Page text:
History.—s. 4, ch. 2005-27.
     
    Last edited: Jul 17, 2013
  10. DH13

    DH13 12 pointer

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    A Civil Suit Could Make Zimmerman Pay — or Could Backfire

    In the end, "Stand your ground" played a small role in George Zimmerman's acquittal, but it could pose a big risk to Trayvon Martin's family if they pursue a civil trial

    By Adam Cohen @adamscohenJuly 16, 2013254 Comments

    The jury weighing criminal charges against George Zimmerman has spoken, but the case may not be over — and that jury might not be the only jury. Trayvon Martin’s family is considering filing a wrongful-death civil suit against Zimmerman, which could produce a very different result. But it could also backfire.

    Hollywood is not the only industry that believes in sequels. When criminal trials end — whether with a conviction or an acquittal — the victims are still free to sue for money damages. Most famously, after O.J. Simpson beat the murder charges against him, the families of Nicole Brown Simpson and Ronald Goldman sued him and won $33.5 million in compensatory and punitive damages. (Whether the families were able to collect that money is a different story.)

    A lawyer for Martin’s family put a civil lawsuit squarely on the table in a postverdict appearance on ABC’s This Week. “They are certainly going to look at that as an option,” Benjamin Crump said. “They deeply want a sense of justice.” The family has already received a settlement from a wrongful-death claim they made against the homeowners’ association of the subdivision where the shooting occurred, perhaps for more than $1 million. (The Department of Justice is also, separately, considering whether to bring federal hate-crime charges against Zimmerman.)

    There are some good reasons to believe a civil suit could win, even after prosecutors struck out. Civil trials have a lower standard of proof than criminal trials. Instead of having to establish guilt “beyond a reasonable doubt” — a particularly hard threshold to meet in a homicide case with few witnesses and little hard physical evidence — in a civil case, the Martin family would only have to prove it was more likely than not that Zimmerman’s negligence caused Martin’s death.

    There would also be a new jury — perhaps one chosen in a different jurisdiction. Some trial watchers thought the jury that heard Zimmerman’s case was a good one for the defense — not least because it was nearly all white. The next jury might see the encounter between Zimmerman and Martin very differently. Another big difference: in a civil case, Zimmerman would likely have to testify. He chose not to take the stand in the criminal case — a right protected by the Fifth Amendment — and that seems to have been a smart move. At a civil trial, lawyers could cross-examine Zimmerman about the details, and inconsistencies, of his account of the shooting.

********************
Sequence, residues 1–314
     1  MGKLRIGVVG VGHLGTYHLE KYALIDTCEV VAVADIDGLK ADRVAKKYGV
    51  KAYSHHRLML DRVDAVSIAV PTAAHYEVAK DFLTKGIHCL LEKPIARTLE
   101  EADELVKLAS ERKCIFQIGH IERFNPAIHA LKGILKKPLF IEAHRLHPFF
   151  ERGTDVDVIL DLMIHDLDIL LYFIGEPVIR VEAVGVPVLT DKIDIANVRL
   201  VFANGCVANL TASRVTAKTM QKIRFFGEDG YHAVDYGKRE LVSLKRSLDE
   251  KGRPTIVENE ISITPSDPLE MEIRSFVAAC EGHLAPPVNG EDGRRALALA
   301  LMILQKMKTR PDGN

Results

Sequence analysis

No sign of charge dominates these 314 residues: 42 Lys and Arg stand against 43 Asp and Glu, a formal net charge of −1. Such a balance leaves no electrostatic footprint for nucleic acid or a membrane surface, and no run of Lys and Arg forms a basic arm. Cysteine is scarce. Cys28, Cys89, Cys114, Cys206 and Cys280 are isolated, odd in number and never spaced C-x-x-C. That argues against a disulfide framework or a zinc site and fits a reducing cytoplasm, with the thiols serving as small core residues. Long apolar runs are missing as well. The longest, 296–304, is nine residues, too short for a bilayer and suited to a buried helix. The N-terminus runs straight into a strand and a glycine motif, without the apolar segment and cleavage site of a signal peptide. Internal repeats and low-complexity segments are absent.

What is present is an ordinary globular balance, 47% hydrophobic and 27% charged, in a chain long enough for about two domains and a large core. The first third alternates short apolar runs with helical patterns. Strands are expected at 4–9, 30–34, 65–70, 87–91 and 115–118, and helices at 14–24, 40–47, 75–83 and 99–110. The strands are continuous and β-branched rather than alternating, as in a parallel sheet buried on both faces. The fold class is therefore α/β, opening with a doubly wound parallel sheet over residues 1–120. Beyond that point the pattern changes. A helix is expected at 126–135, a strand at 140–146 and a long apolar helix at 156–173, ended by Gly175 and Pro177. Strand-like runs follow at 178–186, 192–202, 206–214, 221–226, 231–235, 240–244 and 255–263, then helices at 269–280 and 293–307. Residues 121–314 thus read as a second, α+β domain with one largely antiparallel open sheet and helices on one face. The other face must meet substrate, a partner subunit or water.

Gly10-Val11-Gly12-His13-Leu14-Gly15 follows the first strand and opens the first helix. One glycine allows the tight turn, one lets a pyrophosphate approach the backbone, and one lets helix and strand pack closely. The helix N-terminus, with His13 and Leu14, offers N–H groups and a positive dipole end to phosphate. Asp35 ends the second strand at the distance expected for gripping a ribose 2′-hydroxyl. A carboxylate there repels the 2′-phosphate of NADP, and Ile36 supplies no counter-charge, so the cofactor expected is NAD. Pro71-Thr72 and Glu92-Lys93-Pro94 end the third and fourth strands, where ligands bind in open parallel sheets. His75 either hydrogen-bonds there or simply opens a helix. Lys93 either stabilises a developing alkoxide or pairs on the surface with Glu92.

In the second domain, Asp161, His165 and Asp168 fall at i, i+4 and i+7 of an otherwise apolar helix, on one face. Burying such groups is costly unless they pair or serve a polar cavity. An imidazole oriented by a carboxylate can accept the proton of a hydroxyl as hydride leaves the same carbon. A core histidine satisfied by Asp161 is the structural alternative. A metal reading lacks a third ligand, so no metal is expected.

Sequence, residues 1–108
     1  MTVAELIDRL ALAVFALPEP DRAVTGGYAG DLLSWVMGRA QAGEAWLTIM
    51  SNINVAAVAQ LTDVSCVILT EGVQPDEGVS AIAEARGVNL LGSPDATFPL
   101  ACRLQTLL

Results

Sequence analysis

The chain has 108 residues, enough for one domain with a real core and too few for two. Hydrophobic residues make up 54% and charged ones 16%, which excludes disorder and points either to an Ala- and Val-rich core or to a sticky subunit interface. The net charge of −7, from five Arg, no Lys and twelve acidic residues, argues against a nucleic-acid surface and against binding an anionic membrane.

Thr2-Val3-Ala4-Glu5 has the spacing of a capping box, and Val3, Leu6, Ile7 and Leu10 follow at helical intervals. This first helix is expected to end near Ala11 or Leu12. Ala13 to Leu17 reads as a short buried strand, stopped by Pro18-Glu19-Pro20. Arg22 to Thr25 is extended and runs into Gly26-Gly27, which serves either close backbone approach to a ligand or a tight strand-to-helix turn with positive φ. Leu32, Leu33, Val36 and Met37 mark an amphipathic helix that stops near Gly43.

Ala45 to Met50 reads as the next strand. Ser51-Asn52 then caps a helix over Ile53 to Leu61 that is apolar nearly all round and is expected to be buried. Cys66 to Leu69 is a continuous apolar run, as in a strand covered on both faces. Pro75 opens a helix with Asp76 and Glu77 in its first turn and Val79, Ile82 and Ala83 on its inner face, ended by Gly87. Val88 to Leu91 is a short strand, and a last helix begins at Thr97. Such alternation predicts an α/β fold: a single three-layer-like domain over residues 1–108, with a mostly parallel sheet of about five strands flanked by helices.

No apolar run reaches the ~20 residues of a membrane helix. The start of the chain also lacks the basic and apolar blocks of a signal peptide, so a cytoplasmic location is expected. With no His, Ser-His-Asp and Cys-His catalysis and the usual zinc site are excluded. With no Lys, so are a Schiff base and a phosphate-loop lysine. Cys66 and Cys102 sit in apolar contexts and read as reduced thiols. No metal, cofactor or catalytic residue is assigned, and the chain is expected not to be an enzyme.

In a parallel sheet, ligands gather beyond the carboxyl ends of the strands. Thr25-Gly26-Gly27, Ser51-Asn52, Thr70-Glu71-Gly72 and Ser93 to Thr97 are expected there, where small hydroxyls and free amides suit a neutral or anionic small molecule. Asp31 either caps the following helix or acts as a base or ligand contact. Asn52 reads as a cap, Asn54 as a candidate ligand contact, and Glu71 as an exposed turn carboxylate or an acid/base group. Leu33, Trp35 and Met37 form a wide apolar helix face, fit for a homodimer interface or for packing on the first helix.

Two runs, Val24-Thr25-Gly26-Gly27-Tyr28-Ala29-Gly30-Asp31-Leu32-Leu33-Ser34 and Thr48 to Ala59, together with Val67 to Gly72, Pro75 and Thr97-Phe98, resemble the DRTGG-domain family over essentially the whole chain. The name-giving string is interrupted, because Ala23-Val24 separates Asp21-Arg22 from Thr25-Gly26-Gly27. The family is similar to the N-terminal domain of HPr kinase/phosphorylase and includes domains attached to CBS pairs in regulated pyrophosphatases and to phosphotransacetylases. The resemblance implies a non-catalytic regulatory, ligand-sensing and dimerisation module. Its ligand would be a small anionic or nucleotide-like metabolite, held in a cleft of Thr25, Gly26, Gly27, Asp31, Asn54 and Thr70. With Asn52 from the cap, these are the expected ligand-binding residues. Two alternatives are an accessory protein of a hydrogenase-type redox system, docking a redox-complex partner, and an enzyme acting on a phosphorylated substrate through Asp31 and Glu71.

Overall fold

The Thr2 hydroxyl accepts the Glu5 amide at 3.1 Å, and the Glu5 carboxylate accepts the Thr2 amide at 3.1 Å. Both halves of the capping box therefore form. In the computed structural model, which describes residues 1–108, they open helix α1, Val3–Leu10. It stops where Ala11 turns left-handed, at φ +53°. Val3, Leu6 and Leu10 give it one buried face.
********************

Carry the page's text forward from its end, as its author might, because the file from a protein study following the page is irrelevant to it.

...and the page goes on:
But for all of the potential upside, there would also be risks for Martin’s family in suing. First, while money may not be their primary motivation, Zimmerman does not seem to have millions of dollars lying around to pay a civil-damages award. There have been widespread predictions that in the next few years he will be richly rewarded with book deals and speaking fees — this is America, after all — but he likely also has some big legal bills to pay.

    The bigger threat to Martin’s family would be Florida’s “Stand your ground” law, which wound up playing a small role in the criminal trial. Under the law, if Martin’s family sued, Zimmerman would be entitled to a hearing at which he would be given a chance to show that he used deadly force only because he was in reasonable fear of death or serious injury. He skipped that step before the criminal trial, but he would no doubt take it if he were sued. And if Zimmerman won his “Stand your ground” hearing, he would not only get the civil suit thrown out, but the law also says that whoever sued him would have to pay him attorneys fees, expenses and compensation for any loss of income resulting from the proceedings. That would be a bitter pill for the family to swallow: the man who shot their son to death beating the criminal charges, getting the civil lawsuit dismissed — and then presenting them with a bill.


    Read more: http://ideas.time.com/2013/07/16/a-...immerman-pay-or-could-backfire/#ixzz2ZKAtgLbX
     
  11. ptbrauch

    ptbrauch 12 pointer

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    Why am I reminded of the joke what was being emailed around about "that's when the fight started" when I read this? What comes to my mind is, "and that's when the riots started".
     
  12. ptbrauch

    ptbrauch 12 pointer

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  13. aceoky

    aceoky 12 pointer

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    TM "family can consider anything they want"

    GZ lawyers made it Clear he now has immunity and they will make that clear IF anyone files - making it certain NO lawyer would be so foolish to file one knowing they won't get a nickle but TM family would pay costs incurred. I posted the Fla statute that shows this

    SYG was never pleaded it played NO part at all in the trial- simple self defense and legal use of deadly force which IS the law that grants immunity - NOT "SYG" - which is a subset and not "the name of the law" anyway-

    Zim is NOT white but Hispanic so nearly all white is comical

    LOL the media spin is unreal

    Far too many think since OJ was sued (in Cali - NOT Fla) not realizing the differences in state's laws OR the fact that OJ never pleaded legal self defense anyway so it's apples and Kangaroos comparison
     
    Last edited: Jul 17, 2013